• Confluence Water – North Regional Delivery Consortia – Ventia / Broadspectrum, Jacobs, and Downer Utilities
  • D4C – South Regional Delivery Consortia – John Holland, Lend Lease, Comdain Infrastructure, and WSP
  • West Region Delivery Team (WRDT) – West Regional Delivery Consortia - Stantec, Atlas Personnel Services, Abergeldie Contractors, Fulton Hogan, and Programmed Facility Management
  • Aurecon / Arup - Integrated Planning Partner.

Timeline

  • December 2018 – Integrated Planning Partner appointed
  • December 2019 – Contract awarded to all three RDCs
  • January 2020 to June 2020 – RDC Mobilisation
  • July 2020 – RDC Delivery Commences.

Results / impact[5]

  • Integrated delivery of planning and design, construction, maintenance, and facilities management services for Sydney Water’s assets by the RDC in each region is expected to result in 5-10% annual program savings compared to Sydney Water’s traditional procurement model.[6]
  • Use of the NEC4 contracts allows standardisation and is designed to increase collaboration between Sydney Water and its partners and minimise the risk of disputes by encouraging closer interaction between Sydney Water and the RDCs, enabling better communication, smoother information exchange, and efficient decision making.[7]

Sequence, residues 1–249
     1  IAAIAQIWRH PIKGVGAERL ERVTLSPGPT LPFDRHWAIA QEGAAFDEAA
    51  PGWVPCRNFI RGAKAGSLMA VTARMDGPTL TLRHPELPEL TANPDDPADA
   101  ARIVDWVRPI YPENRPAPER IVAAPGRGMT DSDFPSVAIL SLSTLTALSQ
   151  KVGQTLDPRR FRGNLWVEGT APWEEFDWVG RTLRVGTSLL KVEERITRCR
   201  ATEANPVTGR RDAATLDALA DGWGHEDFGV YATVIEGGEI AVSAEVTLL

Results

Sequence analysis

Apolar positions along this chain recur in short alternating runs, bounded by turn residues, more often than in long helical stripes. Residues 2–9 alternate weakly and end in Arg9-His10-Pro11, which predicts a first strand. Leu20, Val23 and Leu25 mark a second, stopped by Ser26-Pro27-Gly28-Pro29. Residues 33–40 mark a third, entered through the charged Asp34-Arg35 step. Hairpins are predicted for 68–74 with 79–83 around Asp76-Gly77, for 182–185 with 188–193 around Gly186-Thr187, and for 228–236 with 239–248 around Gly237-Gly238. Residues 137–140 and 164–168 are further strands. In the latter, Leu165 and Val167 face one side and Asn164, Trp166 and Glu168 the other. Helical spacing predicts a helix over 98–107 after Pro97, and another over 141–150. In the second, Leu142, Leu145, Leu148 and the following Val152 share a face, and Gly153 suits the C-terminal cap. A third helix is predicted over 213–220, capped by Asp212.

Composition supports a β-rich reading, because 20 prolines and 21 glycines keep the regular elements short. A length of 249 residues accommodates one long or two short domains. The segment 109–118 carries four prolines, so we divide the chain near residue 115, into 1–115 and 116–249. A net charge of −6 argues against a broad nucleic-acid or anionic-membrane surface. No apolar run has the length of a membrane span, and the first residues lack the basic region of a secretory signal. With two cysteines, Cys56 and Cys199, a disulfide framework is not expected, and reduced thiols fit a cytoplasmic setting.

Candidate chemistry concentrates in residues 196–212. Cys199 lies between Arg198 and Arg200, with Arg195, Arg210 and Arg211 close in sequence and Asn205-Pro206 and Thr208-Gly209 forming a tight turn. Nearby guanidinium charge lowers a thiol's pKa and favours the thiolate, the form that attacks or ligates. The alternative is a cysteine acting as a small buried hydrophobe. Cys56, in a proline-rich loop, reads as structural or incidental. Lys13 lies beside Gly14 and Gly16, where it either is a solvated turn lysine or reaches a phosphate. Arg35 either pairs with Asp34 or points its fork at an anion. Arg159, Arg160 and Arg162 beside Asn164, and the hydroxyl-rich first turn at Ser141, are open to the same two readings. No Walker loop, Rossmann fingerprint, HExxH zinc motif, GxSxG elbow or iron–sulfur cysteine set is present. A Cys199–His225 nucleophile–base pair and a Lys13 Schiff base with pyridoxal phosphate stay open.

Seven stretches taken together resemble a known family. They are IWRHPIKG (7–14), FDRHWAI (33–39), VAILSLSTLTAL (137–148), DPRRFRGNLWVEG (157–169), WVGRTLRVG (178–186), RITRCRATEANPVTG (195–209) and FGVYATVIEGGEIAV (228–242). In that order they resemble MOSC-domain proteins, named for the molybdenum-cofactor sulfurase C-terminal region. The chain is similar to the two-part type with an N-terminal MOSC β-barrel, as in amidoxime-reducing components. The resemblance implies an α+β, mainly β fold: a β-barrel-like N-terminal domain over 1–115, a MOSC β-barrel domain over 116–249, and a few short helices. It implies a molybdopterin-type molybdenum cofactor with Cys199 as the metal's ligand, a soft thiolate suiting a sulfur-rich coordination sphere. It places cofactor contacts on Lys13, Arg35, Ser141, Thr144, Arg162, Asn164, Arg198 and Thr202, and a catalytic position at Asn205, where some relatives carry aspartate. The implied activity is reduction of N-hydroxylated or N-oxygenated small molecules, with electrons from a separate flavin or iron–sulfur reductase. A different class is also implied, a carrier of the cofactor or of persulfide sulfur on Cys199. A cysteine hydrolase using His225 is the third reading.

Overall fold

• The longevity of the agreements provides the RDCs with a secure pipeline of future projects. This secure pipeline provides increased incentives for RDCs to justify new investments in innovative technologies and staff capability – especially ones that may improve delivery times and cost given the painshare / gainshare mechanism – and encourages RDCs to adopt a long-term view of resourcing.[8]
  • The integrated program approach allows for shared purchasing for specialised goods and services to achieve economies of scale, through increases in buying power and development of deeper relationships with preferred suppliers throughout the entire asset lifecycle.[9]
  • The 10-year agreements allow the RDCs to develop long-term, more sustainable relationships with communities and the environment, providing consistency and better value for Sydney Water’s over five million customers.[10]

 

Key lessons learnt